What Mark Twain said of politicians—that like diapers, they should be changed periodically — applies to business leaders as well. Exceptions apart, a healthy CEO tenure is less than 10 years. American presidency is restricted to two terms. Among Indian prime ministers — Pandit Nehru, Indira Gandhi, Rajiv Gandhi, and Manmohan Singh — all started well. After seven years in office, each of them started to lose leadership
impact. There seems to be a jinx after 7-10 years.
When leaders linger long, warning signals of reduced effectiveness begin, often increasing in intensity. Three examples from the public domain — first, the retro-tax muddle piloted by a powerful finance minister against everybody’s advice; second, the muddling bureaucratic and judicial impact on telecom AGR dues, leading to the Vodafone India misery; third, the politicisation of the police forces even as the Supreme Court wonders whether the greatest violation of human rights occurs at police stations. These examples are warning signals of rogue power and authority, which everyone can read but nobody is able to act upon. Warning signals indicate the possibility of a problem without specifying probability, rarely a Manichean choice between clear alternatives!
What about business leaders? Even after the expiry date of a leader’s effectiveness, people hesitate to challenge a powerful leader. In an earlier article, I had emphasised how important it is for a governance professional to recognise and act on ambiguous signals. Problems don’t go away. (Business Standard, Nov 20, 2020).
If directors notice recurring complaints about a leader, they must consider what to do. As Ram Charan wrote in his book, Boards That Work, “Conscientious directors can act in a professional manner by doing two things: speaking up and reaching out.”
Renault-Nissan is a recent case where the boards did not act on the warning signals. Collision Course, a new book about the rise and fall of Carlos Ghosn, revived the subject. Mr Ghosn headed three companies concurrently, Renault, Nissan, and Mitsubishi. Each remunerated him, but none was aware of the terms with others! The companies performed superbly, but Mr Ghosn became terrifyingly powerful. Making Vijay Mallya’s 60th birthday party at Goa appear like a retreat of monks, Renault spent ^635,000 in 2014 for a Louis XIV-style party at Versailles. Directors ignored signals of aberration until the 2018 crisis overtook them. (Once, as chairman of a start-up, I had a bruising discussion with the CEO, when he flew to Mumbai from the US by first class for what he thought was an “essential 15-minute meeting”.)
In a case at General Motors, the leaders reacted positively to signals. John DeLorean was a terrific engineer, who breathed new life into a staid Pontiac. He served General Motors for 17 years where gradually his behaviour became increasingly obsessive and compulsive. Top leadership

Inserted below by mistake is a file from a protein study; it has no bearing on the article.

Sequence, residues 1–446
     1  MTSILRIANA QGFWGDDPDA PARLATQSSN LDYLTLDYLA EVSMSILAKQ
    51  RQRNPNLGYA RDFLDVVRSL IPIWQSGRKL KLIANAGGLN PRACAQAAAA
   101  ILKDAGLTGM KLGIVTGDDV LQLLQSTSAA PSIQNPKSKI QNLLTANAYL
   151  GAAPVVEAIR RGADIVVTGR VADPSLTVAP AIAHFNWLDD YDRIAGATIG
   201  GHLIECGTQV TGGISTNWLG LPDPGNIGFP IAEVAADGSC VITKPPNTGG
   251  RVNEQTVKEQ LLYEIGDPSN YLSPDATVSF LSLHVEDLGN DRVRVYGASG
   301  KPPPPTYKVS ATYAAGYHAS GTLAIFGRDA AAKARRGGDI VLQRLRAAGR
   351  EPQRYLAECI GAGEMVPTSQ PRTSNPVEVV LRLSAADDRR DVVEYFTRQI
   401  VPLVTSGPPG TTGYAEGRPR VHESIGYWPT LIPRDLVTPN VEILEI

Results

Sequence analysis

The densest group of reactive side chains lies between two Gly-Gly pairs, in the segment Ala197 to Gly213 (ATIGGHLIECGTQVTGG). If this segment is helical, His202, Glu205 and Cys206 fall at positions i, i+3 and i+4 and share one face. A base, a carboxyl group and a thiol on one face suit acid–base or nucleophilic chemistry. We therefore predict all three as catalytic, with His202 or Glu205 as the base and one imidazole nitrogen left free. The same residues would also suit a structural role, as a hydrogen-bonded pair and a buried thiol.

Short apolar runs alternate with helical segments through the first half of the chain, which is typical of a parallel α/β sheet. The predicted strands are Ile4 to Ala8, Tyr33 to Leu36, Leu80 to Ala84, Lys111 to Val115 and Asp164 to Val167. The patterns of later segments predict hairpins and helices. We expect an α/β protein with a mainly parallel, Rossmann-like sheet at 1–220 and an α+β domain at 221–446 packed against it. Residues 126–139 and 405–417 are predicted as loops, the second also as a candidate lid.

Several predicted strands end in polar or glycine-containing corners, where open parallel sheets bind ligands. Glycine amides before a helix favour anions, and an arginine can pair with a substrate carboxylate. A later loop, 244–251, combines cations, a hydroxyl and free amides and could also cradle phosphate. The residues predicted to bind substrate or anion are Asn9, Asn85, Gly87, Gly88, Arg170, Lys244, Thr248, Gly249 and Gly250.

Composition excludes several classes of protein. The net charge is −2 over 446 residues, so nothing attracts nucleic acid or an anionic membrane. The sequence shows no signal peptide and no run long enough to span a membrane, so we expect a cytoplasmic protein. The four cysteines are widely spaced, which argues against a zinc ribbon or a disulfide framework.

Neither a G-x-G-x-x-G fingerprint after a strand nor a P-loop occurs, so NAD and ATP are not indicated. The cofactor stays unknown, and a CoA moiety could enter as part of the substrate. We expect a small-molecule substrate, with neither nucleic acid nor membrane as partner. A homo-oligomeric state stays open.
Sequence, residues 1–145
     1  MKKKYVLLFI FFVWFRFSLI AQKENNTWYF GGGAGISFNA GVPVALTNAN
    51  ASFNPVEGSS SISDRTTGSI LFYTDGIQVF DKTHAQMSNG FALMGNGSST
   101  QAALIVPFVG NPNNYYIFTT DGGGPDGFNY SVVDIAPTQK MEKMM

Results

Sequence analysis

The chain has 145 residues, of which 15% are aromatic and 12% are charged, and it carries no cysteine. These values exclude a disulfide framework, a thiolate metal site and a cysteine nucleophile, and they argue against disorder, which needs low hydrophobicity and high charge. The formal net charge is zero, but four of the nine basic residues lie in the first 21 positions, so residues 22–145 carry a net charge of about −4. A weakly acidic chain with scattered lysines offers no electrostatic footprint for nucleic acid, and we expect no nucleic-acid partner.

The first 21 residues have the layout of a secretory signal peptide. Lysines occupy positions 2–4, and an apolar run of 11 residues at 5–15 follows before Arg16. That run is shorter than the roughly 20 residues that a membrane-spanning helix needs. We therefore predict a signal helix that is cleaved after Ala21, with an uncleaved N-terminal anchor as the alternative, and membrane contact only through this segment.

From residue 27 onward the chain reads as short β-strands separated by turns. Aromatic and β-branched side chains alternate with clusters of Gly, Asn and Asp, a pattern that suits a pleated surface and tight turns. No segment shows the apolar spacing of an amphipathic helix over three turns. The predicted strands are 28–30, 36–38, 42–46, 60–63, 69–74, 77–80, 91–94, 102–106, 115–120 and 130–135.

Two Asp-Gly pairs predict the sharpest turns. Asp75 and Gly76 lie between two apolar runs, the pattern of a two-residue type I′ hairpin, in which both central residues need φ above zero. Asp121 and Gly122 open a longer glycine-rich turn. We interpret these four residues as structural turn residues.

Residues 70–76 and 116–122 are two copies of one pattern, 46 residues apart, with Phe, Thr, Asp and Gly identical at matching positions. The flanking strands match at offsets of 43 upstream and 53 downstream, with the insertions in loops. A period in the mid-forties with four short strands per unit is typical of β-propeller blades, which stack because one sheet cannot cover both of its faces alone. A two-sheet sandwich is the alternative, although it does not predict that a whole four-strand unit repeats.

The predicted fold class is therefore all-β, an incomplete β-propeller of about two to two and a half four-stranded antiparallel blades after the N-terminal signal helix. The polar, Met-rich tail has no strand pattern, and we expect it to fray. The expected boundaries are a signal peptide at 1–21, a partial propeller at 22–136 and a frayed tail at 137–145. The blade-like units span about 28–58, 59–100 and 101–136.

curtailed his prima-donna behaviour, compelling DeLorean to quit GM. He then set up DMC, DeLorean Motor Company, where he created inter-connected problems relating to financial, drug and social malfeasance, earning him a jail sentence. He died in 2005 aged 80. Netflix has memorialised his story through a film titled Framing John DeLorean.
In the case of Martin Sorrell at WPP Group, the board acted and WPP group suffered only minor bruises. Thomas Middelhoff, long-serving CEO of Germany’s Bertelsmann, crashed his next company, Arcandor. He served a repentant jail sentence. Ravi Narain, as the long-serving leader of NSE, suffered from hubris and humiliation as written in Debashis Basu and Sucheta Dalal’s book, Absolute Power.
Metabolically and neurologically, power causes temporary brain impairment in a leader. I described this in my 2019 book, Crash. Toxic traits such as arrogance, volatility, habitual distrust, aloofness, and eccentricity appear. No leader is perfect, and the traits are not themselves dangerous; they become dangerous because of their potential to destabilise the leader, especially if an unexpected crisis hits the organisation.
I have noticed that an excessively long tenure leads to absolute authority, usually in the later phase of the leader’s time. Well-run listed companies seem to change CEOs with planned regularity: The average Hindustan Unilever tenure for CEO is six years; TCS is six years; Titan is 10 years; Tata Steel is eight years. Contrast these with the long leadership
tenures at IL&FS, NSE, and Yes Bank. At the fabled GE, Jack Welch’s two predecessors, had tenures of nine years each, while Welch had 20 years. After the recent developments at GE, there is debate whether Welch retired just before the wheels came off.
According to the annual survey by Strategy &, the average tenure of CEOs is 6.5 years at the world’s 2,500 largest companies. There are the notable exceptions, but sensible company boards should not test received wisdom on leadership tenure. The subject of good succession planning deserves a future column.
The writer is an author and corporate advisor. He was Director, Tata Sons and vice chairman, Hindustan Unilever. firstname.lastname@example.org
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